SANTA ANA — A former technical support representative at Ingram Micro Inc. has filed a lawsuit against the company alleging that it failed to pay him overtime and forced him to resign after he complained.
John Zanudo, 32, filed the suit Wednesday in federal court in Santa Ana. He alleges that the company violated the Fair Labor Standards Act of 1938, which governs wages, by withholding $2,188 in overtime pay that he was owed from July, 1990, to June, 1991.
In reclassifying his position from an hourly job to a salaried one exempt from overtime, the company--a distributor of computer products--violated labor law, Zanudo alleged. He also said the firm discriminated against him for speaking out.
In addition to the back pay, Zanudo asked for damages of at least $40 million plus legal fees and other costs. He also wants to be reinstated in his job as a technician answering customer-service calls for the company, which is based in Santa Ana.
Zanudo said that he was forced to resign in July, 1991, after he spoke out against a practice that required him and several dozen other employees to work unpaid overtime each week. He has been unable to find new work, Zanudo said, because the company defamed his reputation.
His complaints prompted a U.S. Labor Department investigation and review of overtime practices at Ingram Micro. The company, with $2 billion in annual sales, is the world's largest computer-products distributor. It would not comment on the case.
Ingram Micro officials have conceded in the past that the company may have misinterpreted federal labor laws but said they did not knowingly violate them. Those laws have not kept pace with the rapid changes in the nature of work in the computer industry, they said.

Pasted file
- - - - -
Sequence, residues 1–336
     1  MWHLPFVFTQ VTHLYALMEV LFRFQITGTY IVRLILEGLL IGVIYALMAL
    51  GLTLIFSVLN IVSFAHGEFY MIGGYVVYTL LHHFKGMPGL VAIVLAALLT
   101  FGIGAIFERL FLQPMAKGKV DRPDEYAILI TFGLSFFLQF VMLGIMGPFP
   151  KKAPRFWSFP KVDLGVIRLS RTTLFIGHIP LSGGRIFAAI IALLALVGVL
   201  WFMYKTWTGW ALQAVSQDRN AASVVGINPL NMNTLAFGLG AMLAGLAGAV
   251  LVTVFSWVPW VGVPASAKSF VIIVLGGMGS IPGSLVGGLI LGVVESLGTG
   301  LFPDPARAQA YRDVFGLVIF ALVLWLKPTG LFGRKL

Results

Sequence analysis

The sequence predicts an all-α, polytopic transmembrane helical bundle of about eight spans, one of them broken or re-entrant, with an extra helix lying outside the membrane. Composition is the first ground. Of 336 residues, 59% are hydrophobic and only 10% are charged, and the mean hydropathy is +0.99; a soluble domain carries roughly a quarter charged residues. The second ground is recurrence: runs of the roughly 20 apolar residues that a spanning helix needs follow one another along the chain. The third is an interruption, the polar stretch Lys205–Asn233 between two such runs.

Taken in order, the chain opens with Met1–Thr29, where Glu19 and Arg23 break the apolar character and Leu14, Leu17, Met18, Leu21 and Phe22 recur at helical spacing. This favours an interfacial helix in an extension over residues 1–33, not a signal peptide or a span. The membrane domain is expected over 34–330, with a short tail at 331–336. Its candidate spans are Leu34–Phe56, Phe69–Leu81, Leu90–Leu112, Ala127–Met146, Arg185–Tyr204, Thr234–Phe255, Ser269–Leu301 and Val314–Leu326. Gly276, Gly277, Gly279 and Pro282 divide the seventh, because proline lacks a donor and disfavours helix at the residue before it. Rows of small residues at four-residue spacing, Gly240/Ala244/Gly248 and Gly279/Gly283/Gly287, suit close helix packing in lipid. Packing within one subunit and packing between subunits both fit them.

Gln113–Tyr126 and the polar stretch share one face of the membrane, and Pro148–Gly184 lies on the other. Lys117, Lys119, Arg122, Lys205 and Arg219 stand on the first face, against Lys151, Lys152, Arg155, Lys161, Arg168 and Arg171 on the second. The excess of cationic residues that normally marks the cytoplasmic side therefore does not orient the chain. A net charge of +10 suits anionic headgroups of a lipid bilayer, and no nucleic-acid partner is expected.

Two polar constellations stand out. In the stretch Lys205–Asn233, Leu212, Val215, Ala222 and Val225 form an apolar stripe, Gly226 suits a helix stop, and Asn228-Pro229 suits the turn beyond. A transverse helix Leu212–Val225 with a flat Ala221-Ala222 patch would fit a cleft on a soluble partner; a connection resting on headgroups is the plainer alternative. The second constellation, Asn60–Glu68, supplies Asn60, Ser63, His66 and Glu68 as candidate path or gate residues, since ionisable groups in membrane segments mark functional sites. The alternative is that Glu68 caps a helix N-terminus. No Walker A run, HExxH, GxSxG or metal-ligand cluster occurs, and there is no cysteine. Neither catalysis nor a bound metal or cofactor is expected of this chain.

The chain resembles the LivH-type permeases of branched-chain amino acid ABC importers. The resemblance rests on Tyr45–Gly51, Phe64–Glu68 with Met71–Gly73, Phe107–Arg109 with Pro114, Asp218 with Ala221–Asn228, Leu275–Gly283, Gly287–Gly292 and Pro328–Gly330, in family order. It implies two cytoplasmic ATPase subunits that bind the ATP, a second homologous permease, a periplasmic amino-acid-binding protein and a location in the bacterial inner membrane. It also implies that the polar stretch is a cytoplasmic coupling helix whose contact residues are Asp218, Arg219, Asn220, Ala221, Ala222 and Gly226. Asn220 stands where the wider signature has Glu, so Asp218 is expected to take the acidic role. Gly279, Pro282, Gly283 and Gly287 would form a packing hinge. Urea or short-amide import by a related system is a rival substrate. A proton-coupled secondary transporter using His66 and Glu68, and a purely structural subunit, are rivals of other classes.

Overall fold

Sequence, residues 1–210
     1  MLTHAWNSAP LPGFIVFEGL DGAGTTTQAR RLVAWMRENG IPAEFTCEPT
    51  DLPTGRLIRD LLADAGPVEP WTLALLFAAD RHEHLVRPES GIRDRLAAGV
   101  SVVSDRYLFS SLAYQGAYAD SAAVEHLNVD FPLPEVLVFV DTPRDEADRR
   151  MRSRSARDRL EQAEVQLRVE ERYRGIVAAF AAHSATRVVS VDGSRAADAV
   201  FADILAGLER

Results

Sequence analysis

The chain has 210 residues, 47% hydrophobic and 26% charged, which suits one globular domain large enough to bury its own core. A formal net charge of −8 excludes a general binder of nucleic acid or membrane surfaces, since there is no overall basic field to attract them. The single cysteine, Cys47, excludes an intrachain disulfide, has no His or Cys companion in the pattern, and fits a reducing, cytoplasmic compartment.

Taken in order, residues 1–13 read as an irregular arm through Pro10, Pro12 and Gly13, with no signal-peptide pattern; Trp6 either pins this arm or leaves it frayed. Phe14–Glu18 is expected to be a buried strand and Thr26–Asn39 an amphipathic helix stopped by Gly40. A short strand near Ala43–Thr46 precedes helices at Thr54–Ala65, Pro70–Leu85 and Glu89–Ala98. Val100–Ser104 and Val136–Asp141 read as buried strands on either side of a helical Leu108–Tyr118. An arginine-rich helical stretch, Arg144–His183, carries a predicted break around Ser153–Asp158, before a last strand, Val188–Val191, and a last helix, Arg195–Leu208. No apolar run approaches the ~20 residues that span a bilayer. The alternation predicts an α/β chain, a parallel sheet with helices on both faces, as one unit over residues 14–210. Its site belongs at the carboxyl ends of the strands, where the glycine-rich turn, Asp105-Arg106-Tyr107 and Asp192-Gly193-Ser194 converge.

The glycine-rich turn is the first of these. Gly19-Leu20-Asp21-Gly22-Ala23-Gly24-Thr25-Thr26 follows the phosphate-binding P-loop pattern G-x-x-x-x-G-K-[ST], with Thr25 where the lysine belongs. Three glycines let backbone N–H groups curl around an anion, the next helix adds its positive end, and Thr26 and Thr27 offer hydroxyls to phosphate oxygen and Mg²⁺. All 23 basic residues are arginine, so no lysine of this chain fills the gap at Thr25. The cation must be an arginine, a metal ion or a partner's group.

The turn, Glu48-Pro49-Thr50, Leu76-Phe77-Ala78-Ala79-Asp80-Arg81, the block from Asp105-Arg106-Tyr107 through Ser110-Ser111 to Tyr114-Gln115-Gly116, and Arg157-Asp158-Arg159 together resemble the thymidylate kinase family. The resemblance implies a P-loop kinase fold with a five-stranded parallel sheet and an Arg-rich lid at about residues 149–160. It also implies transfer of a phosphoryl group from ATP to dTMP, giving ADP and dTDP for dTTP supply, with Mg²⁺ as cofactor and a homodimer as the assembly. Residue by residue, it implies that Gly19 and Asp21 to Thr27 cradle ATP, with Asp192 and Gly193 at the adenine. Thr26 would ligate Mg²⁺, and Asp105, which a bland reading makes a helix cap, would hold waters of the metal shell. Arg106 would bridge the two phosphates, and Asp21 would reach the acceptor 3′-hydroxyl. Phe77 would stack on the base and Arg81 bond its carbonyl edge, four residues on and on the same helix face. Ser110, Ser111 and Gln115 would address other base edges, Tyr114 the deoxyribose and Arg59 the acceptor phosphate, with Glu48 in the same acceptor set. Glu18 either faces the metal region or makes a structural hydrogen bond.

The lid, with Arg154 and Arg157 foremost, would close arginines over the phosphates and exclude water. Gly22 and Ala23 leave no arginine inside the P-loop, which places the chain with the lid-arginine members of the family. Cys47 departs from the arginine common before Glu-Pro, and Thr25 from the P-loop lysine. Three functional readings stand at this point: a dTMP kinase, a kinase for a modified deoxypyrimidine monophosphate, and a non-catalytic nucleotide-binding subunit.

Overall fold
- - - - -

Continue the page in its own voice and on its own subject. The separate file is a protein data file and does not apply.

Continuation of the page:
Zanudo began working at Ingram Micro in October, 1989. He said his technical support department--about a dozen people--was reclassified as salaried personnel in July, 1990. The change, which did not alter duties but included modest salary increases, was meant to reduce costs for after-hours employee training, he said.
Zanudo, who is a former law student, discovered that federal statutes allow companies to convert technicians into salaried personnel only if they have supervisorial responsibilities.
He protested to his managers. Zanudo said he was allowed to leave thereafter at the scheduled end of his workday, but when other employees followed suit, he alleges, management harassed him.
In letters to Zanudo, company managers criticized him for studying at work and for poor attendance, insubordination and poor work performance. Zanudo said that though he was not necessarily an exemplary employee, such charges were trumped up. He complained to the Labor Department in June, 1991, about a month before he resigned.
In an administrative proceeding in August, the state Employment Development Department ruled that Zanudo was entitled to unemployment insurance benefits because of "substantial evidence to support his claims" that he was forced to resign. The company appealed but later withdrew its objections.
Meanwhile, the Labor Department conducted an audit at Ingram Micro, and the company agreed in December to pay back wages to 30 employees. Zanudo received $4,859 in April but said the amount was less than the $7,047 to which he was entitled.